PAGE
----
Typical street scene in Santa Ana, El Salvador. (Photo: iStock)

Typical street scene in Santa Ana, El Salvador. (Photo: iStock)

IMF Survey : Portugal: Recovery on Track but Higher Growth Needed

April 1, 2016

  • Portugal’s recovery is on track and unemployment is back to precrisis levels
  • Yet public and private debt is high, limiting fiscal room and constraining growth
  • Structural reforms to remove growth bottlenecks need to continue

Portugal has emerged from a severe economic slump: it has regained market access and unemployment has returned to precrisis levels.

Production of Queijo de Sao Jorge cheese, São Jorge, Portugal; unemployment in Portugal has returned to precrisis levels (photo: Food Passionates/Corbis)

Production of Queijo de Sao Jorge cheese, São Jorge, Portugal; unemployment in Portugal has returned to precrisis levels (photo: Food Passionates/Corbis)

Interview with Mission Chief

This recovery was enabled by Portugal’s successful three-year adjustment program supported by the European Commission, the European Central Bank, and the IMF. The third post-program monitoring (PPM) report, published today, acknowledges the progress made by Portugal in recent years, but also points out areas to focus on to raise the economy’s growth potential. IMF Survey discussed the findings of the report with Subir Lall, the mission chief for Portugal.

IMF Survey: Portugal’s economy is in its fourth year of recovery and the country enjoys market access on favorable terms. Its unemployment rate has also significantly declined. Yet there are signs that the recovery is losing steam.

Lall: Based on our most recent projections, we think that the economy is gradually easing to its medium-term growth rate of about 1.2 percent. In part, this is because the positive impact of generally favorable global conditions tends to decline over time. In addition, the role of consumption—the main driver of this recovery—will also diminish over the medium term. The growth of the disposable household income is constrained by taxes, which are in turn necessary to support the authorities’ overall fiscal policy objectives. Therefore a further reduction of household savings allows for only limited additional consumption growth. Private sector investment remains constrained by the high level of corporate debt, despite a recent pick-up.

IMF Survey: The PPM report notes concerns over the health of the Portuguese banking sector. What is the main problem with this sector?

Lall: Since the end of the crisis, Portuguese banks have remained burdened by a large stock of legacy assets, some of which are of weak quality. This constrains banks’ ability to provide financing to new and highly productive sectors of the economy, which would be the future drivers of growth and employment. Instead, significant economic resources remain tied up in low-productivity firms. Banks need to move expeditiously to adapt to the new environment, which is markedly different from the precrisis normal. Before the crisis, banks profitably channeled large capital inflows into the Portuguese economy. In the new environment, however, banks need to cut costs, strengthen their balance sheets, and divest from noncore and unprofitable activities.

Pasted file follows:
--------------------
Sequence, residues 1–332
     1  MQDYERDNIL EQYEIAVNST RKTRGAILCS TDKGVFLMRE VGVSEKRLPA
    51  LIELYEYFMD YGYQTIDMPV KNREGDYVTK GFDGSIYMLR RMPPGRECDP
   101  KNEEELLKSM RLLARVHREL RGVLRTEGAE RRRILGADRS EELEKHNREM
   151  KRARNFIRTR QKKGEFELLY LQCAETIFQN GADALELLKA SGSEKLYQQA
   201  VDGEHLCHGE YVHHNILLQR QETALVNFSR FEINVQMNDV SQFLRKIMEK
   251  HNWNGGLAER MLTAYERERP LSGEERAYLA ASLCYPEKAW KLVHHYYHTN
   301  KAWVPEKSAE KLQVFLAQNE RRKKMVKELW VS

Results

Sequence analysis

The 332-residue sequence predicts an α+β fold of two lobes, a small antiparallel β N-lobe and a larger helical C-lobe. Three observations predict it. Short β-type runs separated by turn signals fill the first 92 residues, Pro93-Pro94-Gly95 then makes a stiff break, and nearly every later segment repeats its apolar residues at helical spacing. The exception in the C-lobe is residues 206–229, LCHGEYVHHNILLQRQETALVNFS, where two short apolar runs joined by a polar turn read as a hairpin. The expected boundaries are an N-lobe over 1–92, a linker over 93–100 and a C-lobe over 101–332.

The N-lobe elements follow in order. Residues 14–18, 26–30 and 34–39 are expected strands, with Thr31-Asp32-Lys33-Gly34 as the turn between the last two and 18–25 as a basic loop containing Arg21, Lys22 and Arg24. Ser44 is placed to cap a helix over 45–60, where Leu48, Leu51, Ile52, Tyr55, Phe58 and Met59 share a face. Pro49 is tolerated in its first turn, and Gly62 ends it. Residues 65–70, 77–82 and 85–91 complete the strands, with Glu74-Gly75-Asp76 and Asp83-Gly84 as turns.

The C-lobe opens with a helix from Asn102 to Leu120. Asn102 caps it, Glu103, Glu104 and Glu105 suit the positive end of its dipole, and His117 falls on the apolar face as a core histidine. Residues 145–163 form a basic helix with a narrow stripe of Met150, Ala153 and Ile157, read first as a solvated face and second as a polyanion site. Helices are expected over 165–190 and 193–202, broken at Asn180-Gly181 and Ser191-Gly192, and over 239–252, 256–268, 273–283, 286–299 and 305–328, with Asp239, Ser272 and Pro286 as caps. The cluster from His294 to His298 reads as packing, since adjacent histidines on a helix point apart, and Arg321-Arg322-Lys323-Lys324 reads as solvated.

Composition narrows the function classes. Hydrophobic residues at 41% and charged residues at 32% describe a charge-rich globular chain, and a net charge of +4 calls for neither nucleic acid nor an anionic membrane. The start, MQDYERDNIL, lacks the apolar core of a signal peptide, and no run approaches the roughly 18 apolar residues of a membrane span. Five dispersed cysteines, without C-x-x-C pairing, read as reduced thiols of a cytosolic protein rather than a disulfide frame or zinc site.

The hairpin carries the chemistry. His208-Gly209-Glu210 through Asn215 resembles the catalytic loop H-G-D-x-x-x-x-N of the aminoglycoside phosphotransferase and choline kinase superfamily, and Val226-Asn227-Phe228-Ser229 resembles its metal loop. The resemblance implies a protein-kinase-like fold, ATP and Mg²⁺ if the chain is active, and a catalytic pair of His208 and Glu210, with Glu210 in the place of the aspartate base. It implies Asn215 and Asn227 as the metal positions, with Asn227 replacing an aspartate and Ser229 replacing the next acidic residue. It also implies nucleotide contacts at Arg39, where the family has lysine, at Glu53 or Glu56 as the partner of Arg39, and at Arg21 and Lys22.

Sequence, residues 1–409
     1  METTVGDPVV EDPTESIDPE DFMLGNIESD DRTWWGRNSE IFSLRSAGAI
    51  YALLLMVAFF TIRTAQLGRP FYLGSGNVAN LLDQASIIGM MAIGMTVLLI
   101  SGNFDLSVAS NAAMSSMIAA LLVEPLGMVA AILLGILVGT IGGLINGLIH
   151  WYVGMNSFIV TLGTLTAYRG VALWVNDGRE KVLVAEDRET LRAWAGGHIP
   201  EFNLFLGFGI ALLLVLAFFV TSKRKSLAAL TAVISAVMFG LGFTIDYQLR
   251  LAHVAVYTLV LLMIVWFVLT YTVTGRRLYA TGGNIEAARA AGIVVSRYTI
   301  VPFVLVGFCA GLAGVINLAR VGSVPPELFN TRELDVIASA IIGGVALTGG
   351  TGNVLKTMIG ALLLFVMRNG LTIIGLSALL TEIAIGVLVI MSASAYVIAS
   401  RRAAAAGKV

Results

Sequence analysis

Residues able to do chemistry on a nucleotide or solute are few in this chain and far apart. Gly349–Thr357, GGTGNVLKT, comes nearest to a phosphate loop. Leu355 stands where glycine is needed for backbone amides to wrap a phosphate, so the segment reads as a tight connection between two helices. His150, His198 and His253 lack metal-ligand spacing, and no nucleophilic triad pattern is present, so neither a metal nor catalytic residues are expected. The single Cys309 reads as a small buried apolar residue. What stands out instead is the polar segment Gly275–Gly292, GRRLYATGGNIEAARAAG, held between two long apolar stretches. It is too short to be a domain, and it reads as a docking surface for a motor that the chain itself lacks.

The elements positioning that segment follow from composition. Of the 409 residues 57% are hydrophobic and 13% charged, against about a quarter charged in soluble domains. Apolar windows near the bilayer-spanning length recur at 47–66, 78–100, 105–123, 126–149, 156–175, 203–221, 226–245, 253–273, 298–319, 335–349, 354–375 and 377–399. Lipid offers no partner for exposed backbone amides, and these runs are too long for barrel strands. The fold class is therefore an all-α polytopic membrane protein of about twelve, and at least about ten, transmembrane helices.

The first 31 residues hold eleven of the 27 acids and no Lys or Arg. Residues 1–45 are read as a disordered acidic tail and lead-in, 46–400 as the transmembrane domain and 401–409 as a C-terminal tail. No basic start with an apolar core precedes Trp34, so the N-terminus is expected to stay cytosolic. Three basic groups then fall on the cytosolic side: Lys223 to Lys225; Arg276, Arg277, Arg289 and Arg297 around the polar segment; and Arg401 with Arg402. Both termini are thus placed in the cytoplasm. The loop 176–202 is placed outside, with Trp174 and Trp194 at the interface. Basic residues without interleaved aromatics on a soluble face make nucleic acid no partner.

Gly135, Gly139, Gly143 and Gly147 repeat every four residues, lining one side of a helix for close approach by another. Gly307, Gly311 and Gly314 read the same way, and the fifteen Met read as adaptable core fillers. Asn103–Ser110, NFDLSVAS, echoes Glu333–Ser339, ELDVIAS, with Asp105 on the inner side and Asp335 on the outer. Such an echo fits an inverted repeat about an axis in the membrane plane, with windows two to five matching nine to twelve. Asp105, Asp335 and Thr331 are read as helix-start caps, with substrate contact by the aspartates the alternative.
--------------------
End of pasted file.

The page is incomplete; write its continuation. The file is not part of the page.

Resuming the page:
IMF Survey: Since last November, the new government has advocated supporting growth through appropriately targeted fiscal policy measures and by scaling back on austerity. Isn’t boosting growth a valid policy goal?

Lall: We share the view that Portugal needs high sustained growth. However, we think that fiscal policy may not be an effective tool to achieve this medium-term objective and that the structural reforms that were undertaken in recent years must be continued to ensure higher growth. On near-term fiscal policy, we agree with the direction of the 2016 budget. It aims at further fiscal consolidation, which is essential given the high level of public debt. The question is how much consolidation can be undertaken without undermining the ongoing economic recovery, and whether the measures in the budget are sufficient to achieve these targets.

IMF Survey: Which structural reforms are needed? How could Portugal achieve a higher level of sustained growth?

Lall: There are a number of structural impediments to growth in Portugal. The large overhang of private debt constrains the ability of banks to finance new and higher productivity enterprises that can create new jobs and boost exports further. More competitiveness would also support export growth. Additional reforms to improve labor market flexibility would be beneficial. The authorities’ emphasis on life-long learning would also support competitiveness. Removing the structural obstacles to job creation in the private sector could help reduce poverty. Finally, a reform of public administration is an important element of the overall policy mix. Of course, implementing structural reforms requires broad support, helped by an inclusive social dialogue. The government has already initiated discussions with social partners to achieve consensus on the future direction of reforms.